The group says the Beauty business is “being built as a destination category”. It has seized on Edgars’s weakness in recent years and has effectively taken most of that market share.
Woolies also sees “scope to gain market share in Home” – something Bagattini identified at the start of his tenure – and is considering leveraging its “Food formats in a ‘Food+Home’ concept”. Shoppers can no doubt expect to see this in a more meaningful way at its larger ‘Market’ stores soon.
Food, glorious food!
Trading in its Food business could not have been more different, with turnover up 6.9% versus last year and 18% against 2019. Inflation needs to be factored in, however. Comparable sales growth (from existing stores) was up 5.7% year-on-year, with inflation of 4.9% (and price movement of 5.2%). This translates into very slim real growth.
The business is having to fend off Checkers’s aggressive move into the upper end of the market, particularly with its Fresh X stores.
It sees “further scope to grow [its] share of customers and wallet by remaining aspirational but becoming more accessible in price, channel and format” and will continue to focus on “easy and accessible convenience”.
Its promises “further rollout” of its Woolies Dash delivery service which remains in trial (at just 18 stores) and is understood to be facing a number of teething issues as it readies it for scale. It will continue to trial new formats, such as its WCellar standalone liquor store – the first of which opened at Nicolway in Johannesburg in May.
Woolworths says its initial R250 million ‘investment in price’ – where it cut the prices of basics, including chicken – is yielding a positive internal rate of return. It says it will invest an additional R750 million in price over the next two years; this is an increase from the original R500 million it had planned.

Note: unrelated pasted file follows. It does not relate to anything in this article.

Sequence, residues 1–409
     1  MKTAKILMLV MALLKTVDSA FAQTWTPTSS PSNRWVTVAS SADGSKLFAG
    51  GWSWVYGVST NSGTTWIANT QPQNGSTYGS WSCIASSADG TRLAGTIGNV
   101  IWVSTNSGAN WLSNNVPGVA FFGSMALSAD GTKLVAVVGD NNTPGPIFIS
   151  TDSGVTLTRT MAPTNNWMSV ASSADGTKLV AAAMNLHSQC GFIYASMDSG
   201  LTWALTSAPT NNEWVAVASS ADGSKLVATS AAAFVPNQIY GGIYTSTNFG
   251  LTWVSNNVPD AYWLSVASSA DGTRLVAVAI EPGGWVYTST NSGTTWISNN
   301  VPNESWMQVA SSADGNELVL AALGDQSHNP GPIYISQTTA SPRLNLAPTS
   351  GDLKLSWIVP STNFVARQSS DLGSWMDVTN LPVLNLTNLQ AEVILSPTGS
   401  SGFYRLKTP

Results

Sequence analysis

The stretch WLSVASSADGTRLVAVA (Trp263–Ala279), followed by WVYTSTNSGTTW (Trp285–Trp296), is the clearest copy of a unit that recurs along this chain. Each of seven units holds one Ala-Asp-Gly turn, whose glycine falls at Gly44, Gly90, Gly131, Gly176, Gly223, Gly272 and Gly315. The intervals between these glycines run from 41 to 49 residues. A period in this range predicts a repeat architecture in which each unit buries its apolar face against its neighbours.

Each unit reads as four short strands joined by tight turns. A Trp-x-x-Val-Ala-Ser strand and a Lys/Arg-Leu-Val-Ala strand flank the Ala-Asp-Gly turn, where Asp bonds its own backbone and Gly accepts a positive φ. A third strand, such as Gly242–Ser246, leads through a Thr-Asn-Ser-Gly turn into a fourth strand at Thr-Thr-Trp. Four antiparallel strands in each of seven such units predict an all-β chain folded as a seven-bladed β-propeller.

The earnings before interest and taxes (Ebit) margin of the food business (excluding the impact of IFRS 16) was 7.6% for 2021. By comparison, it was 6.2% in FBH. Its medium-term (three-year) target is 7-8% for food (in other words, retaining this position), and in excess of 12% for FBH.
Much work is going to need to be done to double earnings in FBH from this level.
The determined push into food in Australia via David Jones has been tempered and “decisive action” has been taken to stem Ebitdar (earnings before interest, tax, depreciation, amortisation, and restructuring or rent costs) losses.
The group has closed the loss-making smaller format food stores and is exiting its forecourt trial with BP.
Online on the up
Online sales in FBH were up 114% versus last year, which already saw some impact from Covid, and now account for 4.1% of FBH sales in South Africa. In the Food business, online sales also more than doubled (up 118%) and contribute 2.3% to its Food sales in the country.
It will spend almost R700 million on technology in the coming year, close to double the amount in each of the last three years, in a “significant shift from brick-and-mortar to digital, data and online to support strategic growth priorities”.
Store development capex will be cut from 2019’s R1.6 billion to R913 million this year.
The targets for online sales are clear